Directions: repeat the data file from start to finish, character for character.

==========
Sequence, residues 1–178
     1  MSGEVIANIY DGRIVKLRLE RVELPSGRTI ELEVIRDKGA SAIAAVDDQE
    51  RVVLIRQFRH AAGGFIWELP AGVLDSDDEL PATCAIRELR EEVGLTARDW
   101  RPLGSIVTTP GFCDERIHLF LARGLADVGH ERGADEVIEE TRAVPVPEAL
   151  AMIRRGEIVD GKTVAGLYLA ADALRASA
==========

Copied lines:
Sequence, residues 1–178
     1  MSGEVIANIY DGRIVKLRLE RVELPSGRTI ELEVIRDKGA SAIAAVDDQE
    51  RVVLIRQFRH AAGGFIWELP AGVLDSDDEL PATCAIRELR EEVGLTARDW
   101  RPLGSIVTTP GFCDERIHLF LARGLADVGH ERGADEVIEE TRAVPVPEAL
   151  AMIRRGEIVD GKTVAGLYLA ADALRASA